Kara Walker’s art spotlighted at Fisher
“Kara Walker: Cut to the Quick” opens for viewing at the Fisher Museum of Art.
“Kara Walker: Cut to the Quick” opens for viewing at the Fisher Museum of Art.
While at first glance, the striking black-and-white artworks on display at the USC Fisher Museum of Art appear to be artifacts of a bygone era, this multimedia collection tells stories of Black history in the United States from a modern perspective. Artist Kara Walker transforms the paper-cut silhouette from a bourgeois trend among white families of the 19th century to contextualize the generational experiences and trauma of Black Americans that leads up to the present day.
“Kara Walker: Cut to the Quick” is an exhibit first curated by Dr. Susan Edwards and Ciona Rouse of Nashville’s Frist Art Museum in 2021; USC’s Fisher Museum of Art is the fifth stop on the exhibit’s two-year-long tour across the United States. It is comprised of over 80 art pieces from the Jordan Schnitzer Family Foundation, a nonprofit organization that has amassed over 20,000 works since Schnitzer began collecting art nearly four decades ago.
Danielle Sommer, the assistant curator at the Fisher Museum, noted that the adaptation of “Cut to the Quick” for Fisher was a six-month process, involving the expertise and feedback of local ambassadors as well as student curators. The students worked from June to August leading up to the exhibit’s grand opening Thursday.
“When you get a traveling exhibition, you want to do something that makes sense for the institution that is hosting it,” Sommer said. “I started working with the student curators to identify the themes that they wanted to talk about, and then we also pulled in an ambassador’s committee that had people from USC and from neighborhood arts organizations, like the California African American Museum.”
“Cut to the Quick,” the name of the exhibit, is derived from the poem “Silhouette” by Ciona Rouse. On a superficial level, this title references Walker’s signature art style, in which her silhouettes are physically cut out of black paper. However, beneath the surface, the title alludes to the abuse that the Black community has suffered and endured at the hands of [an] oppressive society for centuries, a hardship which has created “wounds that have never [healed],” Sommer said.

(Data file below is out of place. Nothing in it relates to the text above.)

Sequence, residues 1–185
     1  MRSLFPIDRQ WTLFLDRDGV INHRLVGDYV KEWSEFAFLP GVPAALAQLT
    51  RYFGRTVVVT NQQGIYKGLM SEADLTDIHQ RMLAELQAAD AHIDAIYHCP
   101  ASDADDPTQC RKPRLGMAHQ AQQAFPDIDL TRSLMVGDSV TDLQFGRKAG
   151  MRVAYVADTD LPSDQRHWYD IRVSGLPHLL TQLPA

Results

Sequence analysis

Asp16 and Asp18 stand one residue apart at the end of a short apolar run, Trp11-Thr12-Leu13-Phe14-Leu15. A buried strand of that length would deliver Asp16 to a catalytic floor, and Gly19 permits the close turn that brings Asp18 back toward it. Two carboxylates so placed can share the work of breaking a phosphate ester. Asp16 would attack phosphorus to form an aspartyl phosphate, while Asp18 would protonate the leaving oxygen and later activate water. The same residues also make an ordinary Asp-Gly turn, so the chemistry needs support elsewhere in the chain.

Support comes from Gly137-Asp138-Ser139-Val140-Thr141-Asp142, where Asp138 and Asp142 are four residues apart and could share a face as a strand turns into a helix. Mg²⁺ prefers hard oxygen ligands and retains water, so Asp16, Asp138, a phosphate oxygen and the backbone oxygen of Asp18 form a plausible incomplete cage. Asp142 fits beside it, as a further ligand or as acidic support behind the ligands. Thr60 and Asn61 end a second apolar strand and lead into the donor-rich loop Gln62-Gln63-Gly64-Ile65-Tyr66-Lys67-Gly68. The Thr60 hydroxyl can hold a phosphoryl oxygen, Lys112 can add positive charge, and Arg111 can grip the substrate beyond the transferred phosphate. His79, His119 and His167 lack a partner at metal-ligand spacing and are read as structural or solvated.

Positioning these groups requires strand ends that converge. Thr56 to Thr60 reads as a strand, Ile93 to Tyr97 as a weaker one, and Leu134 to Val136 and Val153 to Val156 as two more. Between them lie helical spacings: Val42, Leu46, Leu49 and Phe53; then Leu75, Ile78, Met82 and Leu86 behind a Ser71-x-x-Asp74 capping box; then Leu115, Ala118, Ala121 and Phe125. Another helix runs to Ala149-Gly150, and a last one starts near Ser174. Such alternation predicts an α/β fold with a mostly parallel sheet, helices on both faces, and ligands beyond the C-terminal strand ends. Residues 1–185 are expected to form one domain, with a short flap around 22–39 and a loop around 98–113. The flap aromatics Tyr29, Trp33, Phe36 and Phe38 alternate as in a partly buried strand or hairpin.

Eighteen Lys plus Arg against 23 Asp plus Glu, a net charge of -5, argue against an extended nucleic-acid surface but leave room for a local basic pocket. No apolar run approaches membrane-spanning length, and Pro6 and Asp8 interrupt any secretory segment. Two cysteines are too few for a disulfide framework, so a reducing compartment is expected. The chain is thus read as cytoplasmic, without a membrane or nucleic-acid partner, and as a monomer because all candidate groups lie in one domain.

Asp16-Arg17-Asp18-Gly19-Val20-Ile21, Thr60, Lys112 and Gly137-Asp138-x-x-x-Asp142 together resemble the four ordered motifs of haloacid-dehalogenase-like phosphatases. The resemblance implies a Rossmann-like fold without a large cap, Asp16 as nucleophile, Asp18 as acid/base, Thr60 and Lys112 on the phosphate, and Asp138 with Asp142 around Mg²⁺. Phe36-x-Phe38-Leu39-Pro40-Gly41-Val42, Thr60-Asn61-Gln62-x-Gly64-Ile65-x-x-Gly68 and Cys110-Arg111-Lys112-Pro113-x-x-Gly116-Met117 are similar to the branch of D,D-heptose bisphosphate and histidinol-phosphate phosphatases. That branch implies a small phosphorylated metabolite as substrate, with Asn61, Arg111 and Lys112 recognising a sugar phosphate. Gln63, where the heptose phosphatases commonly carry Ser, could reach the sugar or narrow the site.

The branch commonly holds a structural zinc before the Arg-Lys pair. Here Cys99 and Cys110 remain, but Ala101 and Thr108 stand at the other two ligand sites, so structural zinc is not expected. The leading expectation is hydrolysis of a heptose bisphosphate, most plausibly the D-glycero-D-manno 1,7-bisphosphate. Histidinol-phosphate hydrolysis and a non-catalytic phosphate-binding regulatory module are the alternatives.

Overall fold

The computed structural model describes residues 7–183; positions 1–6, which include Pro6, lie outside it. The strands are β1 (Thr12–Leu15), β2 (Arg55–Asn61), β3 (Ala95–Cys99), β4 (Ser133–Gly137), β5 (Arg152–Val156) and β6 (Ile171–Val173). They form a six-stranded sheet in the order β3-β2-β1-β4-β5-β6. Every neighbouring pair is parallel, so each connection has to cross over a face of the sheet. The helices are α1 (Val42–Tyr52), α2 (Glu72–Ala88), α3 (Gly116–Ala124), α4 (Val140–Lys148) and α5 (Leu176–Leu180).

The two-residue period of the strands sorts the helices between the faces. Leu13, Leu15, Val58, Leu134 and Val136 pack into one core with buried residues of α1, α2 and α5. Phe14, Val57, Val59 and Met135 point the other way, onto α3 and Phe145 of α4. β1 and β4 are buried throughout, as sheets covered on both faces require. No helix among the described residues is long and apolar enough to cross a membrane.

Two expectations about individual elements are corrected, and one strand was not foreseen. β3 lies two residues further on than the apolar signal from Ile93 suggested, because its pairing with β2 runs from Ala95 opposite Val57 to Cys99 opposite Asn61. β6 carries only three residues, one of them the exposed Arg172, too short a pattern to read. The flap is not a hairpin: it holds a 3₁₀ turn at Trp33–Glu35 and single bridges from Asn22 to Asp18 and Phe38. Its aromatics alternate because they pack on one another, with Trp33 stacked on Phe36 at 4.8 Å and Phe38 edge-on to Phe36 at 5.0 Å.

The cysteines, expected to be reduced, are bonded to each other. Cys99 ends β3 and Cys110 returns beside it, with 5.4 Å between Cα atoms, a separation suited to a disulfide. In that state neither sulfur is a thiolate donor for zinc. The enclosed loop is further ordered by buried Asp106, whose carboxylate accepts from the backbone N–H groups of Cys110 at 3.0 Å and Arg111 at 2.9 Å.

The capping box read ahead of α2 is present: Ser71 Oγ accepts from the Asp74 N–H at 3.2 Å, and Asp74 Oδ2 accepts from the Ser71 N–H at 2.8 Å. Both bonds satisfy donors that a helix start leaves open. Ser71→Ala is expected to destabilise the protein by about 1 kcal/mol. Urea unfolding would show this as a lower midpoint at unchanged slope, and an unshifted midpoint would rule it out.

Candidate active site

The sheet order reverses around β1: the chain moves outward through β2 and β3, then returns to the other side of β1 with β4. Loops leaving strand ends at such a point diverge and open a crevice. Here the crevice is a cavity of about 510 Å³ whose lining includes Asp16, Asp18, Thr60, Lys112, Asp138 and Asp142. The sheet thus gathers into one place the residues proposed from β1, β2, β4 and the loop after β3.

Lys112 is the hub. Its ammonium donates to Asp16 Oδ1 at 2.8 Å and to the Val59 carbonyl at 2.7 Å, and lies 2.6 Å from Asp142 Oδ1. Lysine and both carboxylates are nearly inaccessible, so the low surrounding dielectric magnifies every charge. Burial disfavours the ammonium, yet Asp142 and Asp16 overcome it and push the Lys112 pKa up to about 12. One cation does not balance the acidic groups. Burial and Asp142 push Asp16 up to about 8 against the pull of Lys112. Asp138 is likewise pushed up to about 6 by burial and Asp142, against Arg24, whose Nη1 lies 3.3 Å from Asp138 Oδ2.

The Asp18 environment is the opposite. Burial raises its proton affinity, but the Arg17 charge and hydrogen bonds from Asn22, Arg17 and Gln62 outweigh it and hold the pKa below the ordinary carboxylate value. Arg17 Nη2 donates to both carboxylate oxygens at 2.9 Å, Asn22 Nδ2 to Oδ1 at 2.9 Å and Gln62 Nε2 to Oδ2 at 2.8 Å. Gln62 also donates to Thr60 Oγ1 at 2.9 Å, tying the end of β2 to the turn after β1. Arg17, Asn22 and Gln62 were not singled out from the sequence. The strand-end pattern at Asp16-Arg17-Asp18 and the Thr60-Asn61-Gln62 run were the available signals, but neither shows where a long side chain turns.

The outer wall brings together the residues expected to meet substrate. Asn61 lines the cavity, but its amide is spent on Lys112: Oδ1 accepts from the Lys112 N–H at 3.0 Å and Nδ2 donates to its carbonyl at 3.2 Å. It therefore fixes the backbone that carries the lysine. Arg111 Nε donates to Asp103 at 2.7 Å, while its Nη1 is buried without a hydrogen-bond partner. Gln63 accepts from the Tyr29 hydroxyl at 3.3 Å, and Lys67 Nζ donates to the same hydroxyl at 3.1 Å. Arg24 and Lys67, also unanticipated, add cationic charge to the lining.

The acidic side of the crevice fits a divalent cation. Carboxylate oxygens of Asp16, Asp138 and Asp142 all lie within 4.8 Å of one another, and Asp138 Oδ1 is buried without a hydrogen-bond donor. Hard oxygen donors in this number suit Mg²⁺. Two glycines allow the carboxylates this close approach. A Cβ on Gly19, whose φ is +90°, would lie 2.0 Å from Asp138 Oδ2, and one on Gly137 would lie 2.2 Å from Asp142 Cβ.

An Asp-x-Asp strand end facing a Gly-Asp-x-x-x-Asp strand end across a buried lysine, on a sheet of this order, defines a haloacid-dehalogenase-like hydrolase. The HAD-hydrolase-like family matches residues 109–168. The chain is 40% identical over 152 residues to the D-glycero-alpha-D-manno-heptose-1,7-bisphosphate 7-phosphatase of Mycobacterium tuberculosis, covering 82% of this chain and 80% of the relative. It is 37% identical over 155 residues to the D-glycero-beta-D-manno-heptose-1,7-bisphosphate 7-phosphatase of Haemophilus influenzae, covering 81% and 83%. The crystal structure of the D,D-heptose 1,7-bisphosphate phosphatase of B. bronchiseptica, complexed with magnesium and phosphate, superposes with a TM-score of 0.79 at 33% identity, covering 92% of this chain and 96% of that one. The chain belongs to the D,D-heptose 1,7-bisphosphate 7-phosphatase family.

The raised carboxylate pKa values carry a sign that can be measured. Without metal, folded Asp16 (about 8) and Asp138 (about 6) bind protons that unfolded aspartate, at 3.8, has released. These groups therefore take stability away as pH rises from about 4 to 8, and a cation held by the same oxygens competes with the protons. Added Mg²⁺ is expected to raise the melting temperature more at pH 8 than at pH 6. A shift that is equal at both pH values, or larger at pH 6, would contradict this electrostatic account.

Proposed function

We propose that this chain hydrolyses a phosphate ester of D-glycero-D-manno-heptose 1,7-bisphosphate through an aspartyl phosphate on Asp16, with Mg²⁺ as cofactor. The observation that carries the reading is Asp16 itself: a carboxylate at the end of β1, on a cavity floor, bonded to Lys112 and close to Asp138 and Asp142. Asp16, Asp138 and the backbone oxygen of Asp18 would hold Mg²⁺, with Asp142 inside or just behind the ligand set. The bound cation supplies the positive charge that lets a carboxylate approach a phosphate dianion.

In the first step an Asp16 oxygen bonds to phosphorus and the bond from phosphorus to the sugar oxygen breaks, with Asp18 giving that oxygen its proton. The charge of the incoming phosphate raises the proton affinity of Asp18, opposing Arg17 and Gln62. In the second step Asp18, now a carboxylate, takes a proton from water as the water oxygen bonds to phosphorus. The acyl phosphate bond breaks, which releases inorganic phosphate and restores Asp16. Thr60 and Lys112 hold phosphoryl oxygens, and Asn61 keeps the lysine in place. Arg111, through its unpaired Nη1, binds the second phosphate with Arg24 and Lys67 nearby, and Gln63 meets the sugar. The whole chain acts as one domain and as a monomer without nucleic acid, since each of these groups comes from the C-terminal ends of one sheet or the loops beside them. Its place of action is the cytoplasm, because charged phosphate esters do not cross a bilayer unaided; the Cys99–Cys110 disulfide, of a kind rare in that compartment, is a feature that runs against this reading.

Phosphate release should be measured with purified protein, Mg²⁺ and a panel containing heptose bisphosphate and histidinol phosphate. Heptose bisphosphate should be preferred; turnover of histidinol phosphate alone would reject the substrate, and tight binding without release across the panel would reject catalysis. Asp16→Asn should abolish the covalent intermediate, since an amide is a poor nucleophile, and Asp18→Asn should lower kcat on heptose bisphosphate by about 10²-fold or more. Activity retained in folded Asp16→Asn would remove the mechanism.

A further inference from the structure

Walker defies the convention that an artist is confined to one medium or method of creating art. The Foundation’s eclectic collection, spanning Walker’s career from 1994 to 2019, demonstrates her flexibility and multidimensionality as an artist, a quality translated from lithographs to bronze sculptures to paper-cut artwork within books.
Through her artwork, Walker critiques the stereotypes rooted in racism and sexism which have defamed and disserviced Black Americans for decades. By superimposing black silhouette portraits on images taken from the white pages of history textbooks, she challenges the notion of Black inferiority in order to prioritize the narratives and experiences of the Black community that have been silenced for so long.
“What’s really special about this is the fact that we’ve got so many different types of work from different decades all together, so you can really see where she’s pushed herself as an artist,” Sommer said. “[Walker’s art is] formally just beautiful. The images, the stereotypes are ugly, but the form and the composition are beautiful; she’s almost a historian of visual culture.”
By leaving her artwork’s meaning intentionally ambiguous, Walker lets her audience derive their own conclusions about the stories she tells through her work. Student curators Kymia Freeman, a junior majoring in public relations, and Amaya Nakpodia, a senior majoring in cinematic arts, film and television production, found a sense of fulfillment in their roles as interpreters of Walker’s art.
“Her work asks you to see it for what it is, but also to step aside and let other people do the same,” Nakpodia said. “I think it’s very interesting that one piece can mean so many different things depending on the viewer.”
Freeman, who specialized in the written elements of the exhibition during her tenure, lamented that “so much of American history is a series of purposeful forgetting.”
“Kara Walker’s work is a process of active remembering,” Freeman said. “What’s so impactful about her work is that she is making it a point to bring stories that have been purposefully forgotten to the public eye, so that they aren’t forgotten anymore.”
A unique contribution from the student curators is the exhibit’s Community Care Space — a cozy, dimly-lit nook within Fisher’s West Gallery where observers can spend time reflecting, writing and taking a step back from the heavy themes discussed in Walker’s work.
As “Cut to the Quick” has traveled from coast to coast since its debut, Schnitzer hopes to draw attention to Kara Walker as a creative who painstakingly incorporates her lived experiences and generational suffering as a Black woman into her work. By using his robust collection to uplift creators who have been historically underrepresented in galleries and museums, Schnitzer aims to increase their representation so that the art world is made accessible and opened up to all who have historically felt unseen.
“For decades and decades, artists of color weren’t given the appreciation, the exhibitions or the respect they deserved. [They] weren’t given the audience,” Schnitzer said. “Most people out there think that art is for some elitist few, but that is so wrong. Art is for everyone.”
“Kara Walker: Cut to the Quick” is on view at the USC Fisher Museum of Art through Dec. 9.
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